Wednesday, 15 October 2014

Energy: Saving

We recently received our energy bill. Normally this is cause for a sharp intake of breath, the jumble of figures on the page aligning in such a way as to achieve a larger sum than might reasonably be expected. On this occasion, though, it proved to be slightly less eye-wateringly expensive than usual, this being some reward for our efforts to reduce energy consumption.

We both dislike waste, be it over-consumption of energy, reckless creation of landfill volume, irresponsible attitudes towards the use of water or other precious resources, or anything else (don't get me started on the estimated £12 billion of food we throw away in the UK each year). Use, re-use, repair, recycle, up cycle: to me it doesn't really matter, as long as waste is reduced and profligacy prevented.

However, it was another figure on our bill that really caught our eye: apparently, we are ranked as the 7th most energy efficient household in a comparison of 100 similar properties. This is good news for two reasons: a) our efforts to reduce energy consumption appear to have been effective, and b) we now know how many households we need to catch to become the number one most efficient. (Competitive? Who, me?)

On that basis, you’d be forgiven for thinking that "clean, green" energy production would be a real passion too. And, up to a point, it is. However, regular readers of this blog will know I have commented unfavourably on wind farms in the past. This is not simply through some blind belief that wind turbines are possessed of an inherent wrongness, or that they are in anyway aesthetically displeasing (which is entirely a matter of opinion).

No, my dislike of them is a considered position based upon facts that are widely available – if you look hard enough! Namely, that they are grossly inefficient, very expensive, ecologically unsound, subject to a planning process that favours the energy companies, and often inappropriately situated. 

And it is this last issue which for me is the cause for most concern.

Take a look at this example from Alan Sloman’s BlogI won’t elaborate further, as Alan’s post (and many others like it on his blog) speaks more eloquently and knowledgably on the subject than I ever could.

The main reason behind the current rush towards wind-powered energy generation is less to do with suitability or sustainability and more with the fact that that successive Governments have failed to grasp the nettle and formulate a coherent future energy policy. Now, with many of our existing power stations in the process of being decommissioned at the end of their lifetime, there is simply nothing to replace them.

It doesn’t help that so-called environmental groups have actually been complicit in this kind of desecration. Unwittingly or otherwise, their refusal to support the kind of generation necessary to power the UK in the coming years (such as nuclear) has helped create this position, as though it is perfectly acceptable to sacrifice anything on the altar of ideology, without realizing the ultimate irony of forever degrading the very thing they say they want to protect: the environment! 

To be frank, I find the implicit assertion that their dare-I-say conceited version of environmentalism is somehow more worthy than my (and many others) more holistic interpretation - an interpretation that takes into account ecological as well as environmental aspects - more than a little arrogant.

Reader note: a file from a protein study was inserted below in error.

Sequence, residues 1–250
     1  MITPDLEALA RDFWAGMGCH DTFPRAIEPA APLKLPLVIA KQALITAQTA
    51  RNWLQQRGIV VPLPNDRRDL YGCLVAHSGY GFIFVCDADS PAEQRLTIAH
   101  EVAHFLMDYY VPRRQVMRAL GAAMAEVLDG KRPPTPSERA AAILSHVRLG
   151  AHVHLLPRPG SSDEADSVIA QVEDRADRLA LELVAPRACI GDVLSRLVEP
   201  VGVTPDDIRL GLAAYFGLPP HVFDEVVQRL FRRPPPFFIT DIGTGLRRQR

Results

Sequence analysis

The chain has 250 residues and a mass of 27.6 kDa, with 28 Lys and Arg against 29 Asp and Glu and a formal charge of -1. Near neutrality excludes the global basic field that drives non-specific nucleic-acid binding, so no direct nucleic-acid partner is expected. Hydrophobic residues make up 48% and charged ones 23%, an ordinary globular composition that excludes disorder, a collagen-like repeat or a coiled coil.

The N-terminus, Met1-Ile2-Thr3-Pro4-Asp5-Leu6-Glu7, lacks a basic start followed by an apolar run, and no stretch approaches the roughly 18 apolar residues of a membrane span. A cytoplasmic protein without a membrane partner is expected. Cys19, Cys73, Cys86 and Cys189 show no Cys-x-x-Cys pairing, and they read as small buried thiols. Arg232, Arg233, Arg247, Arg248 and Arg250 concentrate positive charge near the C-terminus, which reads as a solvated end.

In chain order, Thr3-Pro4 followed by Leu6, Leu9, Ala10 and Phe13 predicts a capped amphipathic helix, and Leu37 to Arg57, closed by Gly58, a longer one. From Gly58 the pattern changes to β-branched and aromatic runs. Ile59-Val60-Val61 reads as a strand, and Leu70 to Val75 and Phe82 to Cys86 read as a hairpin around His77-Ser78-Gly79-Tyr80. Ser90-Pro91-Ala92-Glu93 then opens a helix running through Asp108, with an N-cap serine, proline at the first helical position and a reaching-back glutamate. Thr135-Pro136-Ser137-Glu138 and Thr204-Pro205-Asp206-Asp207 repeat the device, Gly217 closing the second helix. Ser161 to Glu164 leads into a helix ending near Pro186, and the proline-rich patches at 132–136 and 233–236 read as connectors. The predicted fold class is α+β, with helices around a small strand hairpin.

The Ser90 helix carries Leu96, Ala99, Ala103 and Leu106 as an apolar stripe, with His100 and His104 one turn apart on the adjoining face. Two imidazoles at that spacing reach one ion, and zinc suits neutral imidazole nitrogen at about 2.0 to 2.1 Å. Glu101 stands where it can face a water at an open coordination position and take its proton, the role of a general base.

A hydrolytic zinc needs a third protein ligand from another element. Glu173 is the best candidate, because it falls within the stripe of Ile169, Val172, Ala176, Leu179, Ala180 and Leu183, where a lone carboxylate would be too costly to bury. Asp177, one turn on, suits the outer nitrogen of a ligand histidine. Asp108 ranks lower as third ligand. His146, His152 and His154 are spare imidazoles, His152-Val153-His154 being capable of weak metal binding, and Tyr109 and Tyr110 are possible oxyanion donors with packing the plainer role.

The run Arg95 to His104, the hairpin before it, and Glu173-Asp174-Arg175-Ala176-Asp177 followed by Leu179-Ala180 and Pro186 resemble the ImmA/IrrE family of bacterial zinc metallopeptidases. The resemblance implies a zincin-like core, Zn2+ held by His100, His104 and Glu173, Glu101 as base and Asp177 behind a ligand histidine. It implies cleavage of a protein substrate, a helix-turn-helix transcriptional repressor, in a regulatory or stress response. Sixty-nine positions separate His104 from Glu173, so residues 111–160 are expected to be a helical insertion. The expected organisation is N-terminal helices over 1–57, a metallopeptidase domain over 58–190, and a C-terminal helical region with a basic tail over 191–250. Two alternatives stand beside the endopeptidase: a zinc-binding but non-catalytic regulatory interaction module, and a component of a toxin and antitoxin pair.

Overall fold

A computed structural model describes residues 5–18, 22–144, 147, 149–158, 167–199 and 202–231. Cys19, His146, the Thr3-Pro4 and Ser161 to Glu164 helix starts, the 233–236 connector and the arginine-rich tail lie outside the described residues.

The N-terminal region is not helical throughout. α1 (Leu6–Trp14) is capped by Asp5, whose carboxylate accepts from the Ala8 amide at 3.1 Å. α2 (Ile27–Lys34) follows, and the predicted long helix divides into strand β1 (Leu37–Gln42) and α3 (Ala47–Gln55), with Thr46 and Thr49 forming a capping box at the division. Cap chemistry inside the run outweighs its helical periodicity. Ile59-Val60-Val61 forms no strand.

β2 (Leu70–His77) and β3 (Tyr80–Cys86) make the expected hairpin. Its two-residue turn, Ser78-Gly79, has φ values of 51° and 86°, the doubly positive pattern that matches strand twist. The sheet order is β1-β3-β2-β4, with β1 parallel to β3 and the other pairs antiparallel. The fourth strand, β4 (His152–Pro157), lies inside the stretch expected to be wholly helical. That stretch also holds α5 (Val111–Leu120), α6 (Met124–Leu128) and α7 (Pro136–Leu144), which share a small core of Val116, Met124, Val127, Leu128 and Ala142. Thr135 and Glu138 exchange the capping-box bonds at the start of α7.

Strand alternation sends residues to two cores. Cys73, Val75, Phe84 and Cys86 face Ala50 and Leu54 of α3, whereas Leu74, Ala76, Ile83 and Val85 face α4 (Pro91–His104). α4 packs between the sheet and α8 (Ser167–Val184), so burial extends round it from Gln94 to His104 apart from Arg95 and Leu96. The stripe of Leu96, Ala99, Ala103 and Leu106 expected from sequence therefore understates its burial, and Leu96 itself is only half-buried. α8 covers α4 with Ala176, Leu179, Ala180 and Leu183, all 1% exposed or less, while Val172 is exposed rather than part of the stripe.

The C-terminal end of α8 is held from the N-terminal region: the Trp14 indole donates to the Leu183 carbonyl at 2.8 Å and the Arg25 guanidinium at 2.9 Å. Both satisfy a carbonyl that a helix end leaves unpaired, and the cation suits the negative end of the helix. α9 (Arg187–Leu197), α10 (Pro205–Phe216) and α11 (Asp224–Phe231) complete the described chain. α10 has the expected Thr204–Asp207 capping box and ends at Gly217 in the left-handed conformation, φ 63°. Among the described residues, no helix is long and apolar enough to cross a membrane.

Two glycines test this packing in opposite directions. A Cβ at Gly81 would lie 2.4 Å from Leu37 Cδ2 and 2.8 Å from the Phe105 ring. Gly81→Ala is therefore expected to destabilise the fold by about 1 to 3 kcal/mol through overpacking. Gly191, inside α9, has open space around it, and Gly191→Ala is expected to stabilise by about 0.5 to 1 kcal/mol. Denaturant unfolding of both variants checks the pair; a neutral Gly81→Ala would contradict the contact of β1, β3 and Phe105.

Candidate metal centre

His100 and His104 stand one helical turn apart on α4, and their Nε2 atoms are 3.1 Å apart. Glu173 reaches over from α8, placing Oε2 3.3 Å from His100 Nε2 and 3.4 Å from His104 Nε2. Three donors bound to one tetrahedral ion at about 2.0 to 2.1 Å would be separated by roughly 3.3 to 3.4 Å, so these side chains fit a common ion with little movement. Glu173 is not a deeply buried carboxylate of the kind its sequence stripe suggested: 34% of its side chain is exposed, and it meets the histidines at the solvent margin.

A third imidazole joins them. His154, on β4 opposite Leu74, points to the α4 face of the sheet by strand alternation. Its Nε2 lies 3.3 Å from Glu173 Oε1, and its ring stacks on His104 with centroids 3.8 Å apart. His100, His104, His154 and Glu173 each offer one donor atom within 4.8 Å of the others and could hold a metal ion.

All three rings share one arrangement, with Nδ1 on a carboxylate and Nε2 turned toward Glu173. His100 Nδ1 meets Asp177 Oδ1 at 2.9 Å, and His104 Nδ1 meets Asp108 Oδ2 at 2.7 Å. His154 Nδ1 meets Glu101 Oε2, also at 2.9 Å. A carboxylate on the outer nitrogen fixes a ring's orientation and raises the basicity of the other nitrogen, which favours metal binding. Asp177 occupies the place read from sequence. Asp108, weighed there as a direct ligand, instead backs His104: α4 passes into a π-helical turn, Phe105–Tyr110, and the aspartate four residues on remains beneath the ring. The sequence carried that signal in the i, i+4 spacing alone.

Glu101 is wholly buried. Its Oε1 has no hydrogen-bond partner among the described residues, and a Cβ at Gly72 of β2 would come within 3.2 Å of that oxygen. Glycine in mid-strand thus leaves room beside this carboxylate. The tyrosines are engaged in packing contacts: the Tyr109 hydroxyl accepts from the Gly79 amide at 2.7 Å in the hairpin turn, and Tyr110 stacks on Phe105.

And, as renewable solutions alone can only ever generate a fraction of the energy we need, the future looks set to be blighted by increasing energy poverty: this in a nation with the 6th biggest economy in the world. A high cost is set to be paid – in more ways than one.

The truth is there are now increasingly large tracts of the Scotland, Wales and England covered by or in the shadow of wind farm developments. It just so happens that many of the areas in question are also some of the wildest, most beautiful and most remote places in the country, fabulous resources in their own right that are in the process of being lost to this and future generations. The opportunity to roam, to explore pristine wild places, to leave behind the incursions of modern life and to gain spiritual and psychological sustenance from such landscapes will be gone - changed forever. 

Friday, 10 October 2014

Pembrokeshire Coastal Path

Once the summer is over and the August Bank Holiday has passed, the opportunity for a long weekend relies on taking time off work. With just one day’s leave remaining until after Christmas, it was important to ensure it was carefully considered and used wisely. So would the risk pay off, and would the long haul out to the west coast of Wales in October be worth the effort?

You bet!

As we were also spending time with family, we had to restrict ourselves to shorter, half-day walks so as not to abuse the hospitality so generously offered. No problem there, then: and a good time was had by all. But we really appreciated the opportunity to get out again for a bit longer – the first time since returning from the Camino – and over the three half-days of great coastal walking on the PCP we covered most of the ground between Whitesands Bay and Broad Haven, although not in sequence.

Day 1: Solva to Nolton Haven – 8 miles

A bright, warm morning, gradually clouding over as the day went on. Looking at the photos, it’s hard to believe its October.

Solva and harbour.

Views along the coast.


Newgale beach.

On the way to Nolton Haven.

Day 2: Whitesands Bay to Caer-fai – 9 miles

Overcast; warm and breezy, but with rain never far away.

Whitesands beach.

St Justinian's and Ramsey Island.

More coastal views.

Porth Clais and Caer-fai.

Day 3: Nolton Haven to Broad Haven (and back) – 8 miles

A bright morning after heavy overnight rain and winds. All of a sudden, Autumn had arrived.

Nolton Haven.

On the beach.

More coastal views.